One of the disadvantages of getting old is the increased risk of dementia. We find ourselves forgetting things that once would have been a normal part of recall. But there are things you can do to help reduce the risk of dementia. These include keeping active, eating healthily and exercising your mind.
Keeping Active: It is a common belief that aerobic exercise, in and of itself, is sufficient to help maintain cognitive abilities. It is certainly beneficial, but research has shown that incorporating different forms of exercise stimulates different parts of the brain. A comprehensive exercise program is the most effective way to reap maximum cognitive benefits from exercise. Each workout should include aerobic exercise, both moderate and higher intensity. But the workout regimen should also include coordination exercises, resistance training, balance exercises, flexibility exercises, and strength and agility exercises. This combination of exercises has been shown to improve neuroplasticity, which is the brain’s ability to regenerate neurons lost through the aging process or trauma. The brain is a remarkable thing and stimulating all spheres of the brain is the best way to keep it in shape.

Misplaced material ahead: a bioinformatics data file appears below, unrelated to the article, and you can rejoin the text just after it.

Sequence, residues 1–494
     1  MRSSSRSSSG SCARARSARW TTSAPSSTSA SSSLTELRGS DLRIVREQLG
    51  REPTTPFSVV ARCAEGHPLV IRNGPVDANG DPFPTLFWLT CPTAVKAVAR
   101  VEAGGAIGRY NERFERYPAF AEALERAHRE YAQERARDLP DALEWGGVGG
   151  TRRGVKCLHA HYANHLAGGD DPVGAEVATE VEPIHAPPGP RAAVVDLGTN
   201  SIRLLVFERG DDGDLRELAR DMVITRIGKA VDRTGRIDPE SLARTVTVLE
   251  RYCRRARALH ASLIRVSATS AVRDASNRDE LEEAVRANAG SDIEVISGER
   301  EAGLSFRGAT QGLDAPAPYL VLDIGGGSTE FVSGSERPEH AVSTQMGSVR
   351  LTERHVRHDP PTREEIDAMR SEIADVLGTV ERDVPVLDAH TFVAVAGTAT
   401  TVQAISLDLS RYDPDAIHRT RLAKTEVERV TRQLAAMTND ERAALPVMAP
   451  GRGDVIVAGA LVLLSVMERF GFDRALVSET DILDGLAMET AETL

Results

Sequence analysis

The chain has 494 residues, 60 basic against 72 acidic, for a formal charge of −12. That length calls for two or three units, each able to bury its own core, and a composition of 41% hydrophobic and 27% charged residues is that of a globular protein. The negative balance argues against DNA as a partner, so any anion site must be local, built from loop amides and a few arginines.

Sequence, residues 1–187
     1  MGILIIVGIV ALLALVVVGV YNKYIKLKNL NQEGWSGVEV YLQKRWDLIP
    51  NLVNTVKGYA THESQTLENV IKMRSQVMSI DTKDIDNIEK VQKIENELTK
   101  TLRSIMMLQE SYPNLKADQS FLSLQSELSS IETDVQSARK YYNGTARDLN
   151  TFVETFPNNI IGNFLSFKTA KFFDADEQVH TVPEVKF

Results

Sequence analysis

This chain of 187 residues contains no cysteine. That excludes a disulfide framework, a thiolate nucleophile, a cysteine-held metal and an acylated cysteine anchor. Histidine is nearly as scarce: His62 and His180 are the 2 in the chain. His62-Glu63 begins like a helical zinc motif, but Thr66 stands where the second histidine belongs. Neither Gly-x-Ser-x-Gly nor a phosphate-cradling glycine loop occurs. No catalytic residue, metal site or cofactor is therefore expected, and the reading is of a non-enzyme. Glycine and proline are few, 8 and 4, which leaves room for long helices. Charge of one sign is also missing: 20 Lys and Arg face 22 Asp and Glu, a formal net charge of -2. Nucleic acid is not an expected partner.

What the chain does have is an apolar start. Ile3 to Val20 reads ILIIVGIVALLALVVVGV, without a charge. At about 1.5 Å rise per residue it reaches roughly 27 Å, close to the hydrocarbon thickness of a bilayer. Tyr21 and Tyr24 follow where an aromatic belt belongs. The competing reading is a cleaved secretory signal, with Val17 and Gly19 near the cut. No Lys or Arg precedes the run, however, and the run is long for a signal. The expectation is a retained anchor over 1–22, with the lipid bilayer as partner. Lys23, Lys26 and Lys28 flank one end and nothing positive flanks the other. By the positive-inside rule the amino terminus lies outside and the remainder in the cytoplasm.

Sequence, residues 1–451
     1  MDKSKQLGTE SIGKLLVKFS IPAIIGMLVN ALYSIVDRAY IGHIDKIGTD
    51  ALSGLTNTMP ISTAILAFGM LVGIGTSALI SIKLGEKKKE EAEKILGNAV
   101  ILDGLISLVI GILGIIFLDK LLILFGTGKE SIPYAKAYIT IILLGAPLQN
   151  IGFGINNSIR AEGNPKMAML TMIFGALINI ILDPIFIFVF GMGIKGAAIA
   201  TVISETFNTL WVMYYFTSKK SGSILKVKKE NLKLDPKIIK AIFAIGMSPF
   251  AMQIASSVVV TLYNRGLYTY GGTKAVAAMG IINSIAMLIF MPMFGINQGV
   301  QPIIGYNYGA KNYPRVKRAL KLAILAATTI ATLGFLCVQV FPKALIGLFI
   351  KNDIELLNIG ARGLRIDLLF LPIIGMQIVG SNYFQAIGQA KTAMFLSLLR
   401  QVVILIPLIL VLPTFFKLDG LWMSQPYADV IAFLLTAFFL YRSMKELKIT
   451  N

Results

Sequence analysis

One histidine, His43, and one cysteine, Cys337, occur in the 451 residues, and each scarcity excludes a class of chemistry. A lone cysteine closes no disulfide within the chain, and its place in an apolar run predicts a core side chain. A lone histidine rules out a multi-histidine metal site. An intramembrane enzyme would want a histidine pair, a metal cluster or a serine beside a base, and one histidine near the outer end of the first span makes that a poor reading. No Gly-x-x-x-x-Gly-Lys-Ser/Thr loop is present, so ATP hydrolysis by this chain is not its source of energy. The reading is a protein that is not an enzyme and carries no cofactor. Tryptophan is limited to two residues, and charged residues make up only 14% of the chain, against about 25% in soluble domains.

Healthy Eating: A balanced diet can also help to prevent the onset of dementia. Some simple rules are to eat at least five portions of fruit and vegetables a day: eat proteins at least twice a week; limit the intake of sugar and salt; eat less saturated fats; and stay adequately hydrated. A commonsense approach to eating can prove extremely beneficial without the stress of “dieting.” It is also important to not smoke! Smoking can restrict the flow of blood to the body, which is a bad thing!
Exercising Your Mind: Keeping your mind active is likely to reduce your risk of dementia. Regularly challenging yourself mentally seems to build up the brain’s ability to cope with disease. One way to think about it is ‘Use it or lose it’.
Find something you like doing that challenges your brain and do it regularly. It’s important to find something that you’ll keep up. For example:
- hand-eye coordination exercises
- learn a new language
- do puzzles, crosswords or quizzes
- play card games or board games
- read challenging books or write (fiction or non-fiction).
Talking and communicating with other people may also help to reduce your risk of dementia. Make an effort to keep in touch with the people who are important to you, such as friends and family. Volunteering, or joining a club or community group are also good ways to stay socially active.